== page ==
Sunday, April 6, 2014

AN INTERESTING DAY ON DOUGLAS LAKE - AT LAST

Today was a crazy day, work wise and one of the busiest I have ever put in.  Never have I seen so many fishing boats in one spot since I've been on Douglas Lake or any other lake for that matter.  They are all fishing for crappie, a great eating fish and the crappie are very active this time of year and the fishermen follow the action.  Below is a shot of a really nice blue gill.  In Pennsylvania we tossed them back in the drink and called them a trash fish.  Here, in Tennessee the bluegill is much sought after because they grow large.
I'm not going to dwell on fishing here but its amazing there are enough fish to go around.  There has to be thousands of anglers on the water every weekend after crappie, bluegill and bass.

As you can see I brought Happy with me today.  I knew I wouldn't have time to deal with Shade's new quirk about not wanting to get on boats and besides,  Happy listens very well and is like Velcro on my leg or lap which means I don't have to constantly watch her.  All the women in fishing boats as well as on shore loved happy and gave here a lot of attention which Haps ate it up.

I noticed something moving down the shoreline and couldn't place what it was.
I got fairly close to it and still couldn't figure it out.  

Oh, for goodness sake.  It's a goose.  She is doing what I call the low crawl to maintain a low profile so predators can't see her and follow her back to her eggs or babies.  I saw this on the Holston River last spring.  


I was cruising up a very familiar section of shoreline that would go past the bald eagle hacking tower where immature eagles brought in from other states are released here on Douglas Lake.  I was in the small aluminum boat today and there should be enough water to float on back in the cove that leads to the tower.  
 I always hope to see a bald eagle sitting on top of this tower as there have been many young eagles release here over the years.  I'd think that at least one would return directly to this tower and stay awhile.  How great would that be?!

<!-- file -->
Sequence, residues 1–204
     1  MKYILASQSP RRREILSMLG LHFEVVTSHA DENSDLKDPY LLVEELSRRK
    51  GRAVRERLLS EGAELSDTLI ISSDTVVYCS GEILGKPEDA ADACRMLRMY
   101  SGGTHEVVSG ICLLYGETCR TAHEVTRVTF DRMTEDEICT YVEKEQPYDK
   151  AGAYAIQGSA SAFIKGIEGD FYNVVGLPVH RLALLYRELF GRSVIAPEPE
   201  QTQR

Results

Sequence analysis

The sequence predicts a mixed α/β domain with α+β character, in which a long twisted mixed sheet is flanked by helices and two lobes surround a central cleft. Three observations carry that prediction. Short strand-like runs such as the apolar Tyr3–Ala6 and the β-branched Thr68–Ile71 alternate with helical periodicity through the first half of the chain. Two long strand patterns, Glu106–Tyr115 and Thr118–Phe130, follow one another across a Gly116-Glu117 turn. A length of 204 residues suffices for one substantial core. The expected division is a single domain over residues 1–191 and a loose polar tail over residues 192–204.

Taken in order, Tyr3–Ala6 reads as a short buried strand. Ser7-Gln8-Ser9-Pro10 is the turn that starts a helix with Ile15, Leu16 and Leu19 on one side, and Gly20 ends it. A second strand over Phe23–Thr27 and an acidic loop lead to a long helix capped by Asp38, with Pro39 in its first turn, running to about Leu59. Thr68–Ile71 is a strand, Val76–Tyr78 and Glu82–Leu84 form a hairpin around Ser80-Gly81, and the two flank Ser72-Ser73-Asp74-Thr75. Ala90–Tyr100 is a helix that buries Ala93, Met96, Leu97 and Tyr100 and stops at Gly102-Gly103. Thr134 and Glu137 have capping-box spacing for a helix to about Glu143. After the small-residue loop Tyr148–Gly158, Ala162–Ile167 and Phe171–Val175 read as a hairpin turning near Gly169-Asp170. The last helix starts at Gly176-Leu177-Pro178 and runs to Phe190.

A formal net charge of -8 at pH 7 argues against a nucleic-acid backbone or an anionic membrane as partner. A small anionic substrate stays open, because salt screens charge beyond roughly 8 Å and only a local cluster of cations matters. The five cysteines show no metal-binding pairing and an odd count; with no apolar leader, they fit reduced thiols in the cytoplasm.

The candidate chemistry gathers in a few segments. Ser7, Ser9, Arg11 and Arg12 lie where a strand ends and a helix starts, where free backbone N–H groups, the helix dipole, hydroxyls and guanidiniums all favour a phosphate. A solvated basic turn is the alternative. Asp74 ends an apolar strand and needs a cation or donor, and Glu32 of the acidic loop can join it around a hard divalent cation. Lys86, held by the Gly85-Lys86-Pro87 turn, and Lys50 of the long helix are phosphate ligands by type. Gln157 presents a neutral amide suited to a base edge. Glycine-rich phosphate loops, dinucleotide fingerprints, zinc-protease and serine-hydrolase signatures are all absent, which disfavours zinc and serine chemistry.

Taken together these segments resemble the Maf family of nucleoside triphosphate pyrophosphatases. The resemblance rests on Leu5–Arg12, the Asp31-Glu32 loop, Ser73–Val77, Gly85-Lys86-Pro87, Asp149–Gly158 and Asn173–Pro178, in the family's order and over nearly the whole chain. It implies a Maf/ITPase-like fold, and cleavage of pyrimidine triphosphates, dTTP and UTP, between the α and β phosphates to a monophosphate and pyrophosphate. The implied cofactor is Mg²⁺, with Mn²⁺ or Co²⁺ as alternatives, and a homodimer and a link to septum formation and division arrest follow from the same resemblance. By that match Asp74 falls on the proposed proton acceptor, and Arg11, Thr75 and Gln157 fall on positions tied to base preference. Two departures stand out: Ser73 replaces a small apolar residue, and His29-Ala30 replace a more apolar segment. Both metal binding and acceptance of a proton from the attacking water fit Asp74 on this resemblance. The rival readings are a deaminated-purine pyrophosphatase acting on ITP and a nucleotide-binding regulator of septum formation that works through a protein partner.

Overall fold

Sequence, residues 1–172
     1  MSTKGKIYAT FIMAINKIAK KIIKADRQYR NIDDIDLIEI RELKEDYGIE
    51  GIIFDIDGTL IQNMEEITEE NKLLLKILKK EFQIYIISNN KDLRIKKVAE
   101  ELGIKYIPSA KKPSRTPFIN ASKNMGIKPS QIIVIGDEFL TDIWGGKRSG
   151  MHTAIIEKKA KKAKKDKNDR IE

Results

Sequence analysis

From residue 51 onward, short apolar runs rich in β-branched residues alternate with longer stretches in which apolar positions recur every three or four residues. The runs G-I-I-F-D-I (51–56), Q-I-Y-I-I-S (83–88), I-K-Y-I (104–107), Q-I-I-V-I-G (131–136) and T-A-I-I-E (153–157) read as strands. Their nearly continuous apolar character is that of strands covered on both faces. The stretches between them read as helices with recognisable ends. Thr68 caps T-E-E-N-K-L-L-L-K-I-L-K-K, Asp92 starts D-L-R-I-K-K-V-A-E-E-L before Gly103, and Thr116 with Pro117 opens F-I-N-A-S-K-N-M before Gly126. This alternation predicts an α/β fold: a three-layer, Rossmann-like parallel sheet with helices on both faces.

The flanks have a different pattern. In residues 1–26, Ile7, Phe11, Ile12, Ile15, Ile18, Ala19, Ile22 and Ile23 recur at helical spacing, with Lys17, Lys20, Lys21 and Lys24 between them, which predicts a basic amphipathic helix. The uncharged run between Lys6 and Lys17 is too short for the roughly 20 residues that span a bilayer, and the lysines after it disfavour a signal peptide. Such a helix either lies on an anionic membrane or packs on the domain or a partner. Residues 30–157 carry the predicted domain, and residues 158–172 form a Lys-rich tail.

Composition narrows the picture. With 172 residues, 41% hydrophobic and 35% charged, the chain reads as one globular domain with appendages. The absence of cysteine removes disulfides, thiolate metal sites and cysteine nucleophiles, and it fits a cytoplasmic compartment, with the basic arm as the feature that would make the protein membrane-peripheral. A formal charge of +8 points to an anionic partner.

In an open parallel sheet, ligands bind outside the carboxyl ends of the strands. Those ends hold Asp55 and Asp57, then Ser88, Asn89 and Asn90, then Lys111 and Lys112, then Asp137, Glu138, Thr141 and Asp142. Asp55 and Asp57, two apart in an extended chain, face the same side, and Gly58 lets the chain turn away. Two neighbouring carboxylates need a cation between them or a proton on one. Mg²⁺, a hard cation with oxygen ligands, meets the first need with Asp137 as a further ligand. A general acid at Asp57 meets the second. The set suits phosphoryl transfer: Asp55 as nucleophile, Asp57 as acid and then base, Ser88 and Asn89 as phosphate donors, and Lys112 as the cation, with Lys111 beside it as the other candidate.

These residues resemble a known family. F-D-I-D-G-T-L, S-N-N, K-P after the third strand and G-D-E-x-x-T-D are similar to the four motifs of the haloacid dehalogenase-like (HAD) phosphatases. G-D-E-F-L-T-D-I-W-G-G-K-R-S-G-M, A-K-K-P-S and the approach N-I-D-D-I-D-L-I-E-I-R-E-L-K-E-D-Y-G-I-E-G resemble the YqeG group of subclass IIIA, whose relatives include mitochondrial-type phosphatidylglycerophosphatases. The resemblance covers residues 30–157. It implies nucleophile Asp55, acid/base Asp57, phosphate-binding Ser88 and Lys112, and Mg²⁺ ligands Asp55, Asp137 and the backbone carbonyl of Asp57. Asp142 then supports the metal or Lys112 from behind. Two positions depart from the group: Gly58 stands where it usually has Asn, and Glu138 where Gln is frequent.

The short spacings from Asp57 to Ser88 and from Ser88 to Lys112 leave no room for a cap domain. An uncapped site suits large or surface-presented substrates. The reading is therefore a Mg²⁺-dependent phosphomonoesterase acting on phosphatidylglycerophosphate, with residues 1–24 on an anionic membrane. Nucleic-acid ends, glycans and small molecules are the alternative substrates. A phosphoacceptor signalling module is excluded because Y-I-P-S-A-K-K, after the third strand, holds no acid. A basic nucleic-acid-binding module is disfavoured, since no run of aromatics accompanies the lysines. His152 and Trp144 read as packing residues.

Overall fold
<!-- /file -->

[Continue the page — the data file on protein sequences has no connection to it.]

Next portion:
I have seen lots of bald eagles, both juvenile and adult, perched in very, very close proximity of this tower but never on it - yet.
The sun was very bright today and I started to notice several ospreys perched in trees on the shoreline.  The camera was set to a "landscape" setting and I had the metering switched over to spot metering.  The spot metering would be helpful but the landscape setting was the wrong way to go.   Did I change it?  No!  Am I happy with the pictures of the ospreys?  No!  So, here they are anyway, photographed each and every one with the camera pointing up at the tops of trees and directly into the bright sunlight.  








Its the best I could do under the circumstances.  I should have had a normal camera setting selected with just one click of positive sharp and one negative click of contrast and one positive click of saturation.  The spot metering could have stayed.  If I'd used anything other than spot metering for these birds - they would have been so shadowed they would have been rendered useless.  Harsh, bright back lighting has been my nemesis since I started taking wildlife photographs from a boat.   Its going to be a long summer and there will be many, many osprey opportunities.
Here's a couple more osprey shots.

This osprey is tearing pieces of meat from something and having his mid day meal.  Yes, he's in direct light also.  Bright sun is blasting through the tree behind him.


Ospreys always make a major production out of everything they do.  The simple task of becoming airborne requires aerial acrobatics combined with ear piercing screeches that signify the magnificent event is in progress.





And finally he becomes the Barney Oldfield of the woodland tree tops as he plummets through the tight places where only the daring attempt to fly.


Whew;  can't take much more of that excitement!
Oh yes, that's her spot.  It won't be long until her eggs will be well hidden in a nest lined with her softest under wing plumage.
And then I saw this odd bird.

Was this a turn of some sort?  I should know what this is.

I now carry a small satchel that I keep my stuff in when on the boat and I happen to carry a bird field guide.  To my surprise this bird is a Bonaparte's Gull.  But, they are snow white with a gray cheek circle and a black bill.  Ah Ha - this is a breeding adult Bonaparte's Gull.  This bird is snow white at all times except breeding season.  Isn't that amazing.  Of course, the American Loon is normally a drab brownish gray but changes into a bird with magnificent markings and bands of colors in the winter just prior breeding.  
And, there he goes to join a host of others like him that share the breeding plumage.


Oops, almost forgot about Happy.  She's such a quiet, calm little thing.  No bother at all and really good company.

Well, that's it for the afternoon.  I have one more day on Douglas Lake tomorrow and then I'll get to go back to the Cherokee Tailrace which I'm looking forward to seeing.  Hope you found something interesting on this entry.  I think things will be looking up in the world of wildlife photography soon, and if that photographic company successfully repairs my 500 milometer telephoto lens, I'll be my old photographic self again.  See ya.